Unfolding the letter Louise scanned the contents. One delicate hand flew to her throat as joy lit her face. ‘Oh good heavens!’

‘What is it, Mama?’

‘They are on their way home. Grace, they’re coming home!’

‘Do they say when they expect to arrive?’

Louise frowned. ‘May the fourteenth.’

Grace caught her breath. ‘What? That’s today. Are you sure?’

Louise thrust the letter at her. ‘See for yourself.’

Grace scanned the bold black writing, wishing she could linger over descriptions of mountain and jungle scenery, illness made light of, plant specimens discovered and seeds so carefully collected. There it was, May 14th. Her gaze flew to the date at the top. March 5th 1902.

‘Bryce wrote this nine weeks ago. He probably thought he was giving us plenty of warning.’

Louise started to push the bedclothes aside. ‘I must–’

‘You must stay exactly where you are,’ Grace said gently, pulling the covers up again. ‘You haven’t finished your tea.’

‘Where’s your father? Has he gone?’

Grace stood up. ‘I think so. He mentioned an important meeting at the mine, so I expect ...’ Her mother wasn’t listening.

‘My tea, Grace.’ She took the cup Grace offered. ‘I can’t wait to see my dear boys again. When do you think they’ll arrive?’

‘Not before late afternoon I should think. It will depend on the times of the trains from London. Then they still have to make the carriage drive from Truro station.’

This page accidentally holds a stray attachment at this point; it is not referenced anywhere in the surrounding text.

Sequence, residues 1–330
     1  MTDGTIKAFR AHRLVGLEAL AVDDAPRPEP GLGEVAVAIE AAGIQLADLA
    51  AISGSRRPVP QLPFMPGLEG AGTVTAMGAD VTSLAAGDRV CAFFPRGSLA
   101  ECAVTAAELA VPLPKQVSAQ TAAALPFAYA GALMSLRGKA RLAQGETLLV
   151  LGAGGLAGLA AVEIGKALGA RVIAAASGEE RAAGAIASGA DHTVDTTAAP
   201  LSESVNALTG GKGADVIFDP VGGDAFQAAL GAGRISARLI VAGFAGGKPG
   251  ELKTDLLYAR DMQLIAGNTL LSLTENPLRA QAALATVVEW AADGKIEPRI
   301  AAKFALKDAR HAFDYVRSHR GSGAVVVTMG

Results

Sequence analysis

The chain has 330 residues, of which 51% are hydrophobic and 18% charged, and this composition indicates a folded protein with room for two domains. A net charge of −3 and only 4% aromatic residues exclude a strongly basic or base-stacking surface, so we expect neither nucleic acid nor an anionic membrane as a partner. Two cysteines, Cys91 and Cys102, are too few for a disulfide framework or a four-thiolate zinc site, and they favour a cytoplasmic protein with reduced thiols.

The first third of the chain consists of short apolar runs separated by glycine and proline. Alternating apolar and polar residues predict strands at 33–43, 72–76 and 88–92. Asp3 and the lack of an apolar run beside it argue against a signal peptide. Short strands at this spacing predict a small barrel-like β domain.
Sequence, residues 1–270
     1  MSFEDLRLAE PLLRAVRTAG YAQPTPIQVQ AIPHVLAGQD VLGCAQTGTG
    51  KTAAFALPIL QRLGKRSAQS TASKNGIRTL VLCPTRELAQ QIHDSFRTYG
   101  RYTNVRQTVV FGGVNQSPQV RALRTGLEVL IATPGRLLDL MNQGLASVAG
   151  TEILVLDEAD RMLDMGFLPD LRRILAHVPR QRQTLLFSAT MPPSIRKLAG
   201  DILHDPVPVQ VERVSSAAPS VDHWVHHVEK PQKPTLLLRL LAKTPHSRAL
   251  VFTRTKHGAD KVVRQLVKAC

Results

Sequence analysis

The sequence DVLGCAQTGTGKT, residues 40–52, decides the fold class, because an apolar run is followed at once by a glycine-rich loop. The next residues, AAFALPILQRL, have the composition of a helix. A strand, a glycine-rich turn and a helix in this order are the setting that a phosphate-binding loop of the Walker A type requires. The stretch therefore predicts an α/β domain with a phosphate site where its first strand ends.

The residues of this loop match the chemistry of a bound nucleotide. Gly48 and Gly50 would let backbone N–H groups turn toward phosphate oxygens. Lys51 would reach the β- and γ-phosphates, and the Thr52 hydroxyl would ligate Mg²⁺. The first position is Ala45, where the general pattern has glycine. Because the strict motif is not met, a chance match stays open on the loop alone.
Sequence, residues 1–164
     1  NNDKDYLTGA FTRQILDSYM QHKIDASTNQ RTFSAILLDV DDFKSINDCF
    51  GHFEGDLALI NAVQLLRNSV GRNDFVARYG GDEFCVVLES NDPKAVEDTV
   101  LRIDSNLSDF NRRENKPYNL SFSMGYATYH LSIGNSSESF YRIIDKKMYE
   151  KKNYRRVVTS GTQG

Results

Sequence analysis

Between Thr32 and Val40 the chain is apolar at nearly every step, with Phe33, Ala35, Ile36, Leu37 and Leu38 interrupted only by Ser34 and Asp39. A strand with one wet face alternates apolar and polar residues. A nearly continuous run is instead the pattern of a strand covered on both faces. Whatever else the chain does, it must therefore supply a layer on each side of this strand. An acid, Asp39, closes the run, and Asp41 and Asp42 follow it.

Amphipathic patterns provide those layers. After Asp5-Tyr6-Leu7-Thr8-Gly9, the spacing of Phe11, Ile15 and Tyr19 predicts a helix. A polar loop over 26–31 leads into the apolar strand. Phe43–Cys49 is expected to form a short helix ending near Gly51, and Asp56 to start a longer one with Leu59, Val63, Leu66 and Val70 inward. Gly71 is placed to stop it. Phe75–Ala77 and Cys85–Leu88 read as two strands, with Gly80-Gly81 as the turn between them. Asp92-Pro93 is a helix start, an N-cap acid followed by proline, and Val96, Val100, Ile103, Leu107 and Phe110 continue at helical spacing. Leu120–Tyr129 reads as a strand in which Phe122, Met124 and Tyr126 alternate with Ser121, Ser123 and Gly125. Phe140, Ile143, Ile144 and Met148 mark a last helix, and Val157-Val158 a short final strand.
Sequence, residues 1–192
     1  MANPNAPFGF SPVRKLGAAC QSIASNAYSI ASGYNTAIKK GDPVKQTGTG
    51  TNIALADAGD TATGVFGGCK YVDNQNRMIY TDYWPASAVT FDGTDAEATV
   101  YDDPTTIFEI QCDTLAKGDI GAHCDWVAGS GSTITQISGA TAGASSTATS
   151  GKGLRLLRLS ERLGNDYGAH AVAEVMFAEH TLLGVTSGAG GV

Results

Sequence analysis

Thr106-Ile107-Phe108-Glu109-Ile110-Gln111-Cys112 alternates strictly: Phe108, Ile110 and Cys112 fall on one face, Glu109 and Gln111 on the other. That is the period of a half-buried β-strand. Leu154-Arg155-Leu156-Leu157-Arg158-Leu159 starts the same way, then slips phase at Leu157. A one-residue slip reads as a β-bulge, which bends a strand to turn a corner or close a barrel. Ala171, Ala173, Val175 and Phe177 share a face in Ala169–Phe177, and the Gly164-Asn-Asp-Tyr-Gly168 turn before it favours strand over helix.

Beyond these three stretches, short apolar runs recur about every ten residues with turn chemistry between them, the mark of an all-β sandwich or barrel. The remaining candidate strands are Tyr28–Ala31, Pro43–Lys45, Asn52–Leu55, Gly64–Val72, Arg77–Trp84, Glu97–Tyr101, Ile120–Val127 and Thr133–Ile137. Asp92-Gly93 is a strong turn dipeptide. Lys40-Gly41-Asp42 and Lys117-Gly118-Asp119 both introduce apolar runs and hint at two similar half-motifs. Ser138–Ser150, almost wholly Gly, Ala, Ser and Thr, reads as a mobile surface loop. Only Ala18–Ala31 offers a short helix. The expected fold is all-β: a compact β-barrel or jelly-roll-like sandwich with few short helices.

‘But that only gives you a few hours–’

‘Don’t worry, Mama. We’ll manage.’ Grace mentally crossed her fingers.

‘I can’t possibly lie here when there’s so much to do,’ Louise fretted. ‘Oh, I do wish Zoe could be here. It’s so long since we were all together.’

‘Perhaps she’ll come later in the year. Once she knows the twins are home she’s sure to want to see them.’

‘You’re right. It’s just…time is passing so quickly. Sometimes I worry that–’

‘No, Mama. No more worrying,’ Grace said, quiet but firm. ‘The twins will want to hear all the news. So you just relax and try to remember everything that’s happened since you last wrote to them. While Violet runs your bath Kate can air their bedrooms.’

She hurried along the open landing and down the stairs, reaching the hall as her father was about to leave. Through the open front door Grace glimpsed Will, the groom, turning the gig on the drive while Patrick, who combined the roles of butler and valet, handed her father his bowler hat.

‘Papa, Mother’s had a letter from Bryce. They are on their way home.’ Pleasure and anticipation bubbled inside her. ‘All being well they should be here later this afternoon.’ Surely this would cheer him up? His moods these past few months had set the entire household on edge.

‘Are they now?’ His florid face had been shaved shiny except for the bushy silver-streaked moustache obscuring his upper lip. Only the top button of his dark suit was fastened, the lower ones open to reveal the gold watch chain inherited from his father looped across his waistcoat. His bull-like neck was confined in a stiff wing collar and maroon tie.

‘That will certainly please your mother. But you’ll have to watch her or she’ll get herself into a state long before they arrive.’

‘It’s all right, Papa. I’ve persuaded her to stay in bed a while longer. Kate can start on the bedrooms and if she needs help Violet will lend a hand.’

‘Has your grandmother been told?’

Grace shook her head. ‘Not yet.’ Her fingers tightened on the polished banister rail. ‘It won’t be easy for her. She’s grown used to there being only four of us.’

‘Well, she’ll just have to make the best of it.’ He was curt. ‘Don’t let her upset your mother.’

Grace bit her lip. That was more easily said than done. ‘Mary Prideaux is coming over after lunch. Mama always enjoys her company.’